3. Using 1 Technology to Detect All Failures
- I attended a class on vibration analysis once where the instructor told the group he could detect steam trap faults with vibration analysis. Now I have no doubt that one could actually do this, so the better question becomes why would you do this? When there is a technology that costs far less and you can very quickly determine if the trap is working or not working properly in less than a minute, why in the world would you use a technology that costs 5 times as much and takes 10 times longer to determine if the trap is working correctly? By the way, the instructor's answer was, "Because I can."

My answer is slightly different. I believe in using the right tool for each job. It helps things get done in a more efficient and cost effective way. The strategy of using one PdM tool to do the job of a different tool that has been proven far better at detecting as specific fault is foolish and is a waste of time and money.

4. No One Understands the Reports - This might be the most common problem I see. While lots of companies are getting involved with Predictive Maintenance, the greatest percentage of companies I work with bid their PdM work out to a contract company who specializes in providing PdM services. They get started and the next thing they know, they have piles of paper or digital reports that show dozens of their assets in alarm. The maintenance supervisor and manager open the reports and they can't make sense of what they are looking at. Worse than this, they now have a decision to make - do they take action on what they don't understand?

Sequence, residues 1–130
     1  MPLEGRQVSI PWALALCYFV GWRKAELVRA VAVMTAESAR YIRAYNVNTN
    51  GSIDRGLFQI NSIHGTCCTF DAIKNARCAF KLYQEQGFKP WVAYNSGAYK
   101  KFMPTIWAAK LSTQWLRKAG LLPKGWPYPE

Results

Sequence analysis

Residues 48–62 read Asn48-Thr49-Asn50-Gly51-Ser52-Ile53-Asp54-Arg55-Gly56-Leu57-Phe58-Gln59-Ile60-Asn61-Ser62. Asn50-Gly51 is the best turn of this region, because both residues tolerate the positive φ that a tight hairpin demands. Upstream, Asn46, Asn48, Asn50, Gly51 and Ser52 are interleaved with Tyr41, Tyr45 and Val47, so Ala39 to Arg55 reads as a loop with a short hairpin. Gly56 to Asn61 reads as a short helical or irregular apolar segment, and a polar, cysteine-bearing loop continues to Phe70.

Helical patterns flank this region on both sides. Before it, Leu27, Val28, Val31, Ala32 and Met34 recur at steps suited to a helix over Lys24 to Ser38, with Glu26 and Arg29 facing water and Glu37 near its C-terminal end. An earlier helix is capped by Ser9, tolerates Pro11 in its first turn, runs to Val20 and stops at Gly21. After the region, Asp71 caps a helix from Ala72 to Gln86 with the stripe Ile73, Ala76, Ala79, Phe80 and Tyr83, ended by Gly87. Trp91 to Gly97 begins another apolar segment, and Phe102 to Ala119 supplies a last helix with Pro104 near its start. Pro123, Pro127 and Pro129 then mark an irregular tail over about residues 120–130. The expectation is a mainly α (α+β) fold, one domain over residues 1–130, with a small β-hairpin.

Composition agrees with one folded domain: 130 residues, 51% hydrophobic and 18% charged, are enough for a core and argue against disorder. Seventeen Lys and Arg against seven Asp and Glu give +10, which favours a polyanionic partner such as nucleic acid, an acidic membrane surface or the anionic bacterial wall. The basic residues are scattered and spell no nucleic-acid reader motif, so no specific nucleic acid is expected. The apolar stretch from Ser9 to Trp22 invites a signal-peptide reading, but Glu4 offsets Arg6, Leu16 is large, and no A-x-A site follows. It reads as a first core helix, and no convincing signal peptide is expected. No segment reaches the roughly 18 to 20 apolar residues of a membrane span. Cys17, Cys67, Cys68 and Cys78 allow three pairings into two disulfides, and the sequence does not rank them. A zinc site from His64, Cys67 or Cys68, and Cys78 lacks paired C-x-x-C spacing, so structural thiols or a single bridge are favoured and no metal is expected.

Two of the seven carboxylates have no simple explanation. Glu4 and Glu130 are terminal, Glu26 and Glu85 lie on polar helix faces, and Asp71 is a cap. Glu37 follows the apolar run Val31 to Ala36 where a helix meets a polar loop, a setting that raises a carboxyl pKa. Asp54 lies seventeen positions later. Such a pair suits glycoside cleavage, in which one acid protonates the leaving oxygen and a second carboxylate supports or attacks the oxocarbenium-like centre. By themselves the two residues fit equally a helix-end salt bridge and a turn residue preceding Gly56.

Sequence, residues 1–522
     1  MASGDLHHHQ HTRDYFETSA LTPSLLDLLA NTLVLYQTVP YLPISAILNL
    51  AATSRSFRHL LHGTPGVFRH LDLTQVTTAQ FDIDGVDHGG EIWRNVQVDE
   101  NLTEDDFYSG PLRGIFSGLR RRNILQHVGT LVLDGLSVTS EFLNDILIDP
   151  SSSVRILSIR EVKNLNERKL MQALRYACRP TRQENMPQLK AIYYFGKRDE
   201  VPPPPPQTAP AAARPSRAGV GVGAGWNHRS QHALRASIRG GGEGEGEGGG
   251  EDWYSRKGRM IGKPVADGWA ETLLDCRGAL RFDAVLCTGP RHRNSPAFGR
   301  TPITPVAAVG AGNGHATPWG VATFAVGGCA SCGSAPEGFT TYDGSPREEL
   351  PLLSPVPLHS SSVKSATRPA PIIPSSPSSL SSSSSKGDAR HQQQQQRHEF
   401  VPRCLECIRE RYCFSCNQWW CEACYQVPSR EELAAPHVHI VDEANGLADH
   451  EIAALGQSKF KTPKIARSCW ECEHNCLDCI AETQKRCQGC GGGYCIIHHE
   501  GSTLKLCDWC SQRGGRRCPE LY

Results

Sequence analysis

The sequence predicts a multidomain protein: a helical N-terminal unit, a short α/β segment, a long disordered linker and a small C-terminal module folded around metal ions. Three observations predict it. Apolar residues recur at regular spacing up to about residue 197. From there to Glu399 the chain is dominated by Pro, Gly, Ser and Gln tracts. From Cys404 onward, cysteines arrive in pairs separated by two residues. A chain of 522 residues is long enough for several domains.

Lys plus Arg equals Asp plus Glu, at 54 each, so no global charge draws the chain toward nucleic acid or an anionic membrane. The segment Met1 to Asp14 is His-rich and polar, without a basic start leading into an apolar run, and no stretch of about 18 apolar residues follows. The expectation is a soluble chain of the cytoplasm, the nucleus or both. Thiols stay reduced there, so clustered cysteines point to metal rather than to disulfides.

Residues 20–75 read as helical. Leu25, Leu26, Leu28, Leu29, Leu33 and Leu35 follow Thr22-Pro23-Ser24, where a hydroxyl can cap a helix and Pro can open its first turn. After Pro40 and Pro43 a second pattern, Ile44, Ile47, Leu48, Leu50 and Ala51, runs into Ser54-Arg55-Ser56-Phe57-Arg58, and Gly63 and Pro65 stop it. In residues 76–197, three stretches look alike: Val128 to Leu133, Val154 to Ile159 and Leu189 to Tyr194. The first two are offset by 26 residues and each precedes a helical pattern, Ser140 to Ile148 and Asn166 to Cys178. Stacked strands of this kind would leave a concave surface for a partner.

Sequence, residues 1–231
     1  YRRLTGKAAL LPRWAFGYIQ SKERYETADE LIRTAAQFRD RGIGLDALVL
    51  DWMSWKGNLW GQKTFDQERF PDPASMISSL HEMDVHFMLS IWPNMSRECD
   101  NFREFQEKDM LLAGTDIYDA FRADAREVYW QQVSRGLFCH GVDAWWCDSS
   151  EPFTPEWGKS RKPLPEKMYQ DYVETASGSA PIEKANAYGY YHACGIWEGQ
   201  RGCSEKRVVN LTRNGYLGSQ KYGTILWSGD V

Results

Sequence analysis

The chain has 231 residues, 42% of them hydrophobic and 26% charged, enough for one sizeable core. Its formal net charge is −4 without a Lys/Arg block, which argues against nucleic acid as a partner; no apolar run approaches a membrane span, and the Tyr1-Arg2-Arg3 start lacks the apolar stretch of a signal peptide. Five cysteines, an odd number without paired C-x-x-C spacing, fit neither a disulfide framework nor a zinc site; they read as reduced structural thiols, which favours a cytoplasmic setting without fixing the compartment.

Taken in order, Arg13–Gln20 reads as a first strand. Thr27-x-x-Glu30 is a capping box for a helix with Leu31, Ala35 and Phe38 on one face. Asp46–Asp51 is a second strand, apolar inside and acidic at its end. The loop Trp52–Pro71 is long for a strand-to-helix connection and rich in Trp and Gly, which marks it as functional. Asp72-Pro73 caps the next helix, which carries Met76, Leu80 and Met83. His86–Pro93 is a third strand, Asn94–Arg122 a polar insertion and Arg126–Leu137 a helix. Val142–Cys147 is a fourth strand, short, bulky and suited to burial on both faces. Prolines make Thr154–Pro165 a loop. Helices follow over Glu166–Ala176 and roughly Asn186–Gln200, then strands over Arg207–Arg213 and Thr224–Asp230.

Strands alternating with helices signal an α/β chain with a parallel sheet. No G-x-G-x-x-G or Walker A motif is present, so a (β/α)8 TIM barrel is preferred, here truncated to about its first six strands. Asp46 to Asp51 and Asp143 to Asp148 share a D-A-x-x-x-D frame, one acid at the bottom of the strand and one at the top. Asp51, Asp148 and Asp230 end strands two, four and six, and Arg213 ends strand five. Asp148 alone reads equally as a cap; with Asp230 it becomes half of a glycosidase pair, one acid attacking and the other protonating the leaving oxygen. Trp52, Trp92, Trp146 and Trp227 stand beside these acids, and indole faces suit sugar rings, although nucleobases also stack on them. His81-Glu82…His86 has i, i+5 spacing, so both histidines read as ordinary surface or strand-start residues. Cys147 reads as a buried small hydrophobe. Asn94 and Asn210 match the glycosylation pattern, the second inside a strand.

If you're going to have a PdM program, you need to have people trained to a level that they can read and understand the reports that come from your contractor.

5. Performing Your PdM Tasks at the Wrong Interval - This problem is typically one we see with new and inexperienced companies. They want to be able to use the technologies but have yet to put the business case together that shows how valid these tools are. How the investment in the tools and training will bear fruit in reduced equipment failures, reduced equipment downtime, and lower maintenance costs. We only get these results if we perform each technology at their prescribed intervals.

I worked with a company nearly 15 years ago who lost what I would call a mature PdM program because they allowed someone to just walk in and change the intervals on all of their PdM tasks. Harold the Hero claimed he had worked for a company who only did vibration analysis on critical assets once a quarter and once every 6 months on non-critical assets. Two years later, they had pumps, motors, and gearboxes failing without detection, and months later, they said goodbye to their entire PdM group. Five years later, Harold the Hero moved on and his old company had to reengineer their "new" condition based maintenance program.

This may sound strange to some of you, but that new CBM program looks a heck of a lot like their old PdM program.

6. "Forget the Training, Just Use the Technology"